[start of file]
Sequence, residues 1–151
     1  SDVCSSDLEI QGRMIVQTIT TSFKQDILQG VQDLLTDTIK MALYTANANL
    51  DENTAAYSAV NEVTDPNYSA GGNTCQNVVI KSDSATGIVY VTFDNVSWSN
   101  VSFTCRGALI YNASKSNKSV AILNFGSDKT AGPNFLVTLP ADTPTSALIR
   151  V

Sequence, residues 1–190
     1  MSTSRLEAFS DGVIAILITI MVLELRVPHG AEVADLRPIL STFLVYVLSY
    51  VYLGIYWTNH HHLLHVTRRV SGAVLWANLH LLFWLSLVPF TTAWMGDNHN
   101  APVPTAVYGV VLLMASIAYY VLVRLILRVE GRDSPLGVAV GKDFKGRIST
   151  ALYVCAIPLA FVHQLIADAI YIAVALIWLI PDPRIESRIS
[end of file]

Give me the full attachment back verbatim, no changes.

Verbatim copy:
Sequence, residues 1–151
     1  SDVCSSDLEI QGRMIVQTIT TSFKQDILQG VQDLLTDTIK MALYTANANL
    51  DENTAAYSAV NEVTDPNYSA GGNTCQNVVI KSDSATGIVY VTFDNVSWSN
   101  VSFTCRGALI YNASKSNKSV AILNFGSDKT AGPNFLVTLP ADTPTSALIR
   151  V

Sequence, residues 1–190
     1  MSTSRLEAFS DGVIAILITI MVLELRVPHG AEVADLRPIL STFLVYVLSY
    51  VYLGIYWTNH HHLLHVTRRV SGAVLWANLH LLFWLSLVPF TTAWMGDNHN
   101  APVPTAVYGV VLLMASIAYY VLVRLILRVE GRDSPLGVAV GKDFKGRIST
   151  ALYVCAIPLA FVHQLIADAI YIAVALIWLI PDPRIESRIS